It was 20 years ago today that I was selected to lead a crew made up of people from all walks of life. I was 26 years old and certainly didn’t know much about leadership. Luckily, I was surrounded by leaders, crew members who new exactly what it takes to lead and shared their experiences. This race cemented many of my own beliefs, it made me realise just how far people can go with the right culture and values. We new what it would take to win the race and I’ve been lucky to share what we learnt along the way with audiences around the world.

A few weeks after crossing the finish line, I wrote down the top ten lesson’s I’d learnt, which were illustrated live during a conference. Hopefully they will resonate with many of you who face challenges leading teams and please feel free to share.


1. Early sense of direction – 1st 72 hours

On every leg of the race we focused on winning the start and getting our nose out in front within the first 72 hours. If you can give your team an early advantage and establish the pecking order. Competitors tend to follow.

2. Optimise your environment – Strategy, Team, Yacht, Competitors

Focus on doing the basics well and weight the key factors for success. On Team LG, we sailed the shortest distance, instilled a culture of continuous improvement, looked after the boat, looked after each other and let our competitors worry about why we were fast.

3. Make winning a habit

Winning is infectious and breeds self belief, as acclaimed NFL Coach, Vince Lombardi said “Winning is not a sometime thing; it’s an all the time thing. You don’t win once in a while; you don’t do things right once in a while; you do them right all of the time. Winning is a habit. Unfortunately, so is losing.”

4. Knowledge share

Every four hour watch there was a handover and this was a moment when there was a measurable lack of focus as team members adjusted to their new surroundings. We minimised any losses by ensuring that every key crew member took time to share knowledge with their counterpart.

5. Continuous improvement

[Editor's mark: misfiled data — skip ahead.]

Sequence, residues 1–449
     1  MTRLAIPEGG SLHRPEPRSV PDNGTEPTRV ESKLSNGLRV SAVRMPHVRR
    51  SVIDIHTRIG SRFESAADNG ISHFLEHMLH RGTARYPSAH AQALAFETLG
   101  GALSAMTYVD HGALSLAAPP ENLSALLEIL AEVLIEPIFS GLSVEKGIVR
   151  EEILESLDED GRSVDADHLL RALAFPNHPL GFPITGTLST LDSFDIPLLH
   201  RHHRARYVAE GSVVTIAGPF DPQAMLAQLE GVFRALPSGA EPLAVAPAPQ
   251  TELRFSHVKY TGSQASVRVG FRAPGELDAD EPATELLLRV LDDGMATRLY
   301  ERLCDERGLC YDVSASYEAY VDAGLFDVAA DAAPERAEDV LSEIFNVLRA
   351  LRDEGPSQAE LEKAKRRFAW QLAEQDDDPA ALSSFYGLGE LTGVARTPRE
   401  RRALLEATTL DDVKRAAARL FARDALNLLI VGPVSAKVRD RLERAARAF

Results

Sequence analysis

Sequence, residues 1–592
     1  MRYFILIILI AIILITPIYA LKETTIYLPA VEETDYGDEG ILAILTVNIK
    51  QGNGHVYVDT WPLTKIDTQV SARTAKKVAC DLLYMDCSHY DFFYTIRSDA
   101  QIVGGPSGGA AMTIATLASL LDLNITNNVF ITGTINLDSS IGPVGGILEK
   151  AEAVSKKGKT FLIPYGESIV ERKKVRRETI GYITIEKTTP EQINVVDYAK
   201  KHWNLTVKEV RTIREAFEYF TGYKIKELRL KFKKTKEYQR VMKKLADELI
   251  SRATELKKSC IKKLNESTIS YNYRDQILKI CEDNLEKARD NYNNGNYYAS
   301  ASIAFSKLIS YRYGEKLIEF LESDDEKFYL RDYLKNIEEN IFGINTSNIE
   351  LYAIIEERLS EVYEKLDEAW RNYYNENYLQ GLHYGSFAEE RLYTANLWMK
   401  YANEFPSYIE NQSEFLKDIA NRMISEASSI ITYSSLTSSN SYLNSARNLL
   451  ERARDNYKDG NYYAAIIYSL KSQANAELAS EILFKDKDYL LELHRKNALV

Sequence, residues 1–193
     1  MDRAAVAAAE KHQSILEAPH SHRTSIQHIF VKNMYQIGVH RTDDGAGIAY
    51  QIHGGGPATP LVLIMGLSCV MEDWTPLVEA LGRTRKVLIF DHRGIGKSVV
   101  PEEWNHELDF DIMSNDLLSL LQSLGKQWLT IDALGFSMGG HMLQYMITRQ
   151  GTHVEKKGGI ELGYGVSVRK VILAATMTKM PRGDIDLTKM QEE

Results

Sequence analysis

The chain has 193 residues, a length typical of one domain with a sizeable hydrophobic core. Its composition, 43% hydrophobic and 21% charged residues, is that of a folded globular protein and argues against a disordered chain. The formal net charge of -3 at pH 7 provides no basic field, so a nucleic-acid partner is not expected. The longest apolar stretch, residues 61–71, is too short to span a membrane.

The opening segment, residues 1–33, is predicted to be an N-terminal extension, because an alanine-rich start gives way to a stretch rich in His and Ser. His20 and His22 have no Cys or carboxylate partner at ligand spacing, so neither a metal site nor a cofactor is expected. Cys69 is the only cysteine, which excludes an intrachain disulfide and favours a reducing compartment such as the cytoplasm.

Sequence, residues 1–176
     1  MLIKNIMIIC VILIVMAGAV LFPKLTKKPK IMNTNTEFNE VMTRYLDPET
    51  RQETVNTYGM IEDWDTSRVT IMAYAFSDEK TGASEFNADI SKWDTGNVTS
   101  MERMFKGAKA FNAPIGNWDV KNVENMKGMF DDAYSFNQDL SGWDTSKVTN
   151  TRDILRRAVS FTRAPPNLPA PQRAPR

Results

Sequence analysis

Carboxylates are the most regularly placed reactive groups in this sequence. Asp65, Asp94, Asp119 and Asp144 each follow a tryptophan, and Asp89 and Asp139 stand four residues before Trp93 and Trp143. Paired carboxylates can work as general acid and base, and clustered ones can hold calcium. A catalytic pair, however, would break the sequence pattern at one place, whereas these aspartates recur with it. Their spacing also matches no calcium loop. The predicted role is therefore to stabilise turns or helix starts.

The Challenge 72 was a brand new one-design yacht, so we had to develop a learning culture onboard to ensure we optimised the yacht’s performance. Every 15 minutes we manually datalogged the boat’s performance and timed every sail change so we had a benchmark to improve upon each day.

6. Know and play to your strengths

Do you have the opportunity of doing what you’re best at every day? One of my coaches, a senior executive of British Telecom who was a crew volunteer onboard Team LG said in one of our team meetings, “We need to ensure that Conrad plays to his strengths and stays focused on strategy and helping us sail fast.”

7. Have influence without authority

This links to my next point about shared leadership and also the art of followship. Create a shared leadership environment and then back your team to take tough decisions. They will reward you by stepping up at critical moments, allowing you the space to plan your next move.

8. Share leadership

Build a leadership team around you and empower them to take decisions. Don’t succumb to the need to rubber stamp every decision which demotivates and undermines your team, see also point number 7.

9. Counter pressure with pressure

My worst moment in the BT Global Challenge was when our closest competitor Compaq beat us into La Rochelle and closed within 5 points for the overall win. We came out on the next leg and match-raced them off the course. We absorbed the pressure and then counter attacked to win the leg and the overall Princess Royal Trophy.

10. Celebrate success

Reward successes as they arise rather than waiting for big year end or quarterly reviews. Create and celebrate mini-victories “First give people a battle they can win and they will go on winning tougher and tougher battles for you” Viscount Slim. Remember success breeds success and winning is infectious.

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